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montysimmons
montysimmons, Patent Prosecutor
Category: Intellectual Property Law
Satisfied Customers: 233
Experience:  Electrical Engineer, South Carolina Attorney, Member of US Patent Bar
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I am an amateur portrait and still-life photographer looking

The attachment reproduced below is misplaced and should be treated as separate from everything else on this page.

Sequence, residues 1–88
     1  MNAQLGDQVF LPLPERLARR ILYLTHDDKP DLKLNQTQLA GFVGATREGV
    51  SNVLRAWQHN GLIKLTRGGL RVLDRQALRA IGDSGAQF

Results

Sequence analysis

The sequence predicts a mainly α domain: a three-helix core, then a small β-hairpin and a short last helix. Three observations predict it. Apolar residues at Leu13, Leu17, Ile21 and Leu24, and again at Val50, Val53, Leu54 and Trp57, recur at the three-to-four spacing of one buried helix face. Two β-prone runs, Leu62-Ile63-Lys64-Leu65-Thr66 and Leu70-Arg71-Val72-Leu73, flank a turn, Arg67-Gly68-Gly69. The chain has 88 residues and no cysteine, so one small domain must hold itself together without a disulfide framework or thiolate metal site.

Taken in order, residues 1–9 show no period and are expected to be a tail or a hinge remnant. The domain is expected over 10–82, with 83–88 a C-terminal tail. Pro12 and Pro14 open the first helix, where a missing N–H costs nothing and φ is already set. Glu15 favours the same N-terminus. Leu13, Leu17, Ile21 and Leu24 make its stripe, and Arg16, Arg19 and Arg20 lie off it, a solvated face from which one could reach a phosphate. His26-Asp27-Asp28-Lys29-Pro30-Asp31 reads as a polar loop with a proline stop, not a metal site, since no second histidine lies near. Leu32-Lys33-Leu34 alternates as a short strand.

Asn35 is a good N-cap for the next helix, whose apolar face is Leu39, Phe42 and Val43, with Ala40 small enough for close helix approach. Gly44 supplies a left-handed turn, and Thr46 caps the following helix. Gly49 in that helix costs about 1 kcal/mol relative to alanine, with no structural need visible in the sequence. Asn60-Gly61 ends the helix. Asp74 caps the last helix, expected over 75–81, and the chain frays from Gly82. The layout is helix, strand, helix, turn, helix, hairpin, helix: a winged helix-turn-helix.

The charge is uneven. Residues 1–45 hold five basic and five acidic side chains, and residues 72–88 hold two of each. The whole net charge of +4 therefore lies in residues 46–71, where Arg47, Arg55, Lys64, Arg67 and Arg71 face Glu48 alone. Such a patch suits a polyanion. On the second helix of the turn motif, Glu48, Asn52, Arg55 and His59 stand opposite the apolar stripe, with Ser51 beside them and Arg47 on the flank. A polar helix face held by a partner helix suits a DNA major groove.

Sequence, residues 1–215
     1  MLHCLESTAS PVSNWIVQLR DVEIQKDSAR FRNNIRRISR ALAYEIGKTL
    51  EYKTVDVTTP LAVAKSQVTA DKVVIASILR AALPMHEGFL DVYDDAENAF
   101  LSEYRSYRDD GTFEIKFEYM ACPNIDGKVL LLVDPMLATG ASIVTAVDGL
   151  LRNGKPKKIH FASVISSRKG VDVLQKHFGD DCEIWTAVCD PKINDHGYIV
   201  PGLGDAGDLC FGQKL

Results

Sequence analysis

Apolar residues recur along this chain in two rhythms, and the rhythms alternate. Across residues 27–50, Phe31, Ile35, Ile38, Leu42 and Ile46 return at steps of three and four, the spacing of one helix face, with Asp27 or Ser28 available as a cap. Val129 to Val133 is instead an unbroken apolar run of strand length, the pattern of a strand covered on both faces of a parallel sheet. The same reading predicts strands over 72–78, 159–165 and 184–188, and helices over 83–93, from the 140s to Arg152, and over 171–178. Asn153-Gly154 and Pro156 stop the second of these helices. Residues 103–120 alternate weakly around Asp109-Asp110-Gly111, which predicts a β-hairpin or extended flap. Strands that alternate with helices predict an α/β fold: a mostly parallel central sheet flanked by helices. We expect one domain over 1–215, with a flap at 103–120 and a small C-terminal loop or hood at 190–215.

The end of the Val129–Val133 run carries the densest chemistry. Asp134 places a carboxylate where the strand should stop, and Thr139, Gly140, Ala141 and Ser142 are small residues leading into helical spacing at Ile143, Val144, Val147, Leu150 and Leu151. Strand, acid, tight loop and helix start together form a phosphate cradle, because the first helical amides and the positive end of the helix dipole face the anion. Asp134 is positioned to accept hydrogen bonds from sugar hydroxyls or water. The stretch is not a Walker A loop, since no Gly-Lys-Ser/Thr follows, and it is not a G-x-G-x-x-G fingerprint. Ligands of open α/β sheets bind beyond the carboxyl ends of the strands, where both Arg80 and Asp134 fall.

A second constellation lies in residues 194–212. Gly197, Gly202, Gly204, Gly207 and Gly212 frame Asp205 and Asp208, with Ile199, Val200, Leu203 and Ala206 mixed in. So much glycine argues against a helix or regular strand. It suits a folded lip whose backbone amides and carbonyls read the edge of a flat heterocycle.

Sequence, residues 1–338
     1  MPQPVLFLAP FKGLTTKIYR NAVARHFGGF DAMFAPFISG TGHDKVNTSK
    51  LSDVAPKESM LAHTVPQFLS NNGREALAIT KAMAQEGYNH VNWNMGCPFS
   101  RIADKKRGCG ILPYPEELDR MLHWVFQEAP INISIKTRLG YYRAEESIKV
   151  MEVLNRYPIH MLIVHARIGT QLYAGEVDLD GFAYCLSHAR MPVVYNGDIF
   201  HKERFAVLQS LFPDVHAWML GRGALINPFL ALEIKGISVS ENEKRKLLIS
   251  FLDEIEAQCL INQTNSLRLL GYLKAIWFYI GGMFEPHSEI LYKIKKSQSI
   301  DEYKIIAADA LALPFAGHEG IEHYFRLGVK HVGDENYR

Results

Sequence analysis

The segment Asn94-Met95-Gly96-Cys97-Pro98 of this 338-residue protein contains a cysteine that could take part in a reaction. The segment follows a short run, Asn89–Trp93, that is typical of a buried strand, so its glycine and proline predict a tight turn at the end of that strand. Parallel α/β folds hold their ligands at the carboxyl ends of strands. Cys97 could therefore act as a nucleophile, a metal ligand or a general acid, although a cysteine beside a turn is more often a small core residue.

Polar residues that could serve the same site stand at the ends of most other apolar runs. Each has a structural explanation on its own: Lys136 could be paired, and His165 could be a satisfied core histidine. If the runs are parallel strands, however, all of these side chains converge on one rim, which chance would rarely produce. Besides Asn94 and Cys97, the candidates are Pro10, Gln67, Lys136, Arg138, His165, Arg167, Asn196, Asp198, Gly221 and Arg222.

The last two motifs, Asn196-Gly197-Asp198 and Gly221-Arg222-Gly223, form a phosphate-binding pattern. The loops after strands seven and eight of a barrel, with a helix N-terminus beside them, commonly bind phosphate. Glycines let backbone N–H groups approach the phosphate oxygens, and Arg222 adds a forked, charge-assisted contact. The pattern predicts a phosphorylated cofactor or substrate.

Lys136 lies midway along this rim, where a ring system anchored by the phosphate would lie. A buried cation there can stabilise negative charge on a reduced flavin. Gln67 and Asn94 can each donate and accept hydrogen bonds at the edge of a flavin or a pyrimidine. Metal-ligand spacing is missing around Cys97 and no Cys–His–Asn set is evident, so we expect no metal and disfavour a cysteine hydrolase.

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I am an amateur portrait and still-life photographer looking to become a full time professional within the next year so I often do side jobs. Tutoring is one of them. Last year I tutored a high school girl in chemistry and became close with her family, particularly her mom. This year the girl's mom invited me as a guest to three of her daughter's senior year events including: two cheerleading competitions and her prom night. I brought my camera with me and took photos at each event. Following each event, the girl's mom asked me for photos. I made her a web photo gallery for each event and in some instances I gave her digital copies. I didn't charge her for the images I took at the cheerleading events because sport/action photography is not something I usually do. After the prom night, however, I told her I would have to charge her for the photos. I was only willing to give her a free web photo gallery. I suspect that because I gave her copies in the past she assumed I would do it again with the prom pictures. Anyway, she was displeased when I informed her that I would require payment. She then stated that I told her I would offer her my photography services free of charge and that the photographs were a gift for her and her family. I never entered any agreement, verbal or written, with this woman regarding my photography services. This happened a month and a half ago. Three days ago I received a letter from an attorney stating that the mother is requesting that I forward her the photographs I took at each event because she claims I volunteered my professional services as a photographer. There are two other requests regarding posting her daughter's images on my website server and my use of her daughther's images in my portfolio. This woman and her family were my friends and she invited me to these events as a friendly guest. These particular events are ones in which family and friends typically bring a camera. The mom would say bring your camera when she invited me, but had she not, I would have brought it anyway due to the nature of the events. As a token of my appreciation and generosity, I made her a photo gallery and gave her some copies for the two cheer events. She did not ask for this, I did this on my own without entering any agreement or receiving any payment. I was just being nice. When her prom night came, I intended on making her family another web gallery which I did. She was disappointed that she wouldn't receive the prom night pictures without having to pay for them and now she is threatening to take legal action against me. She says I verbally agreed to offer these services free of charge, but I know I did not. There is no written contract/agreement stating her claims. Therefore, does she have any rights to my photographs and do I have the right to charge her for my photographs?